Lighting up with an outfit
The desire of every woman, who re-emerges vividly at the approach of an important event, is always the same: to appear radiant, to emanate an aura of charm and beauty that captures the looks of people, when she is entering a room. Maybe it will be the effect of our culture, built in years of exposure to the products of the “dream factory”? Or to the images taken from fashion catwalks and fashion magazines? But is not the essence of fashion itself, to give a dress the ability to change our mind’s state, to open a smug smile on our lips and even change the color of our complexion or our eyes? Raise your hand if you did not let yourself be carried away by your imagination (at least once) wearing a special dress or dragged your sisters and friends in an endless hunt for the perfect outfit in the grip of the anxiety of being the protagonist of an evening (which you hoped could be magical).
Some clothes have power
to change our mood
If we think of our visual imagery linked to the concept of “lighting with an outfit” our mind can only recall the iconic images of Audrey Hepburn while she is having breakfast in front of Tiffany, of Marilyn while she sings in the company of her best sparkling friends, but also by Kate Winslet who meets Leonardo di Caprio wearing an amazing dark red dress studded with sequins, of which we can even hear the noise in the black night of the Titanic. However, if we reflect carefully, the strategies for lighting a garment and our complexion can be different: during the costume history we pass from the use of jewels or small shimmering elements sewn on clothes, to paillettes, metal clothes or iridescent fabrics … Without going too far in time, what about the fluttering colors of Emma Stone that follow one another in La La Land? The contrast with the diaphanous complexion of the protagonist makes her really radiant and at the same time brightens up the looks inspired by the Sixties.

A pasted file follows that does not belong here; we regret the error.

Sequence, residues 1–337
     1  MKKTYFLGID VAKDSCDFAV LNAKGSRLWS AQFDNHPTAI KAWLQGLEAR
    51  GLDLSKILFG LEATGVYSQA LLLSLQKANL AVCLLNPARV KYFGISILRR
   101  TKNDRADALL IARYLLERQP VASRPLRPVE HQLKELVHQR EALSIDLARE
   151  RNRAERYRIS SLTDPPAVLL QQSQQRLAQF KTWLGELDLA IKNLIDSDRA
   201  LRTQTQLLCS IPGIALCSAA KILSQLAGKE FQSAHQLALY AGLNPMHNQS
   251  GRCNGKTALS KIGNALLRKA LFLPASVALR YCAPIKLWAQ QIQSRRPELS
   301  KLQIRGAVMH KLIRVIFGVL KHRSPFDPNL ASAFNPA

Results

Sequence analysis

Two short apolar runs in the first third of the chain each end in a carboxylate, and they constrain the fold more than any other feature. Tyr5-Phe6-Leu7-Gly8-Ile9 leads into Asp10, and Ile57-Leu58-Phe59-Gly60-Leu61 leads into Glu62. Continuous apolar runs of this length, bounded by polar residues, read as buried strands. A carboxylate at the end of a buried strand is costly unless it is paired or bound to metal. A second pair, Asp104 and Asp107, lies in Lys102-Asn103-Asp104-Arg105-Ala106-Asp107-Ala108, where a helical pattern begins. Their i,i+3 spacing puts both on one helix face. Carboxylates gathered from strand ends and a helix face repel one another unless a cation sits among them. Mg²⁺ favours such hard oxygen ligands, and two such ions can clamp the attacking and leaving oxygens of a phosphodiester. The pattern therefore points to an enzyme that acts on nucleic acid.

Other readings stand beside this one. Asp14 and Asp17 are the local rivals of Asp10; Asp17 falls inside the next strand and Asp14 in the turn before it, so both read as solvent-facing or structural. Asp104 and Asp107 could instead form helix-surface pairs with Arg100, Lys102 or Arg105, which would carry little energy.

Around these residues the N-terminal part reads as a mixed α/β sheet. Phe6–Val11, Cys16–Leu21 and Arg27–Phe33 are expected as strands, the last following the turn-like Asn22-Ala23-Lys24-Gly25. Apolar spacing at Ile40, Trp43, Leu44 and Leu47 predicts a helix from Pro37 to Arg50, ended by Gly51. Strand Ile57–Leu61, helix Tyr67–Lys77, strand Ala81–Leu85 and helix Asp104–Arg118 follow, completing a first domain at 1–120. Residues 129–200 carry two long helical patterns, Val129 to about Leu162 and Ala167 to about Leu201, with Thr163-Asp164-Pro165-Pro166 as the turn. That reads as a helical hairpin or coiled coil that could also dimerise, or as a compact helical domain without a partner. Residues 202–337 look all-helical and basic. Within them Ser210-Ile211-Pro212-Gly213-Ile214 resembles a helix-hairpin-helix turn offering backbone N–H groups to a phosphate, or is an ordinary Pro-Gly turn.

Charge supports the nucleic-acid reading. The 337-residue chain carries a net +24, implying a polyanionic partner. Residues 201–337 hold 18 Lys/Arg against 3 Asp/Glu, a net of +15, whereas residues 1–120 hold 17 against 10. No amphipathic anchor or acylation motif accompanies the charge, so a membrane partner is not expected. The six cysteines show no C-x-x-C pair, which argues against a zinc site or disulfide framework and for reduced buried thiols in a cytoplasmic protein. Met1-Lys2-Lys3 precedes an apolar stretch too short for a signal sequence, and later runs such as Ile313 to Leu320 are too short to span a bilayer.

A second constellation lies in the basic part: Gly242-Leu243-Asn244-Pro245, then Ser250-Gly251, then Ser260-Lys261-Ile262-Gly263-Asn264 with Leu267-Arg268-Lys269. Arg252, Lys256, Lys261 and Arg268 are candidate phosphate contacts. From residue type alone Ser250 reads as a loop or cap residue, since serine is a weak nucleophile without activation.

Why am I telling you all this? To introduce the new interview I made in order to discover the wonders of high-tech fashion, thanks to which I will reveal a new way to capture the light on the dress you wear.
In Lombardy, precisely in Sant’Angelo Lodigiano, there is a weave that in 2009 started to make fiber optic fabrics. I discovered in the middle of one of my periodic trip on Internet, looking for innovative materials for the fashiontech sector. The images of the accessories and clothes that can be made with their fabrics and embroidery of light are really intriguing and so I immediately decided to contact them, in order to host an interview with the CEO of Dreamlux dr. Tommaso Galbersanini on the digital pages of Chic Words. [Note 1]
During my research I had already met companies that produce fabrics with optical fiber, but the images of their fabric samples, clothes and accessories were characterized by an unripe aesthetic study, i.e. an excessive use of light without a precise style consciousness. Several years have passed since Paco Rabanne’s manifesto clothes, which used fiber optic, as a symbol of research on unusual materials to challenge the rigid canons of couture. However, until the 2000s this material was still perceived by the public and the fashion world as a bizarre and foreign element.
Dreamlux fabrics have instead the merit of treating the light as a real thread both in the weaving phase, in which the “fiber of light” is inserted and blended with more traditional yarns, not only from a technical point of view but evaluating visually the final color and the look of textiles and clothes; both in the pattern making phase itself, harmonizing it in the overall construction of garments.
Maddalena Mometti: The history of his company began 60 years ago, as a company of weaving and embroidery of natural fibers. How was the transition from traditional technologies to optical fiber processing? What did this idea entail and how did it come about?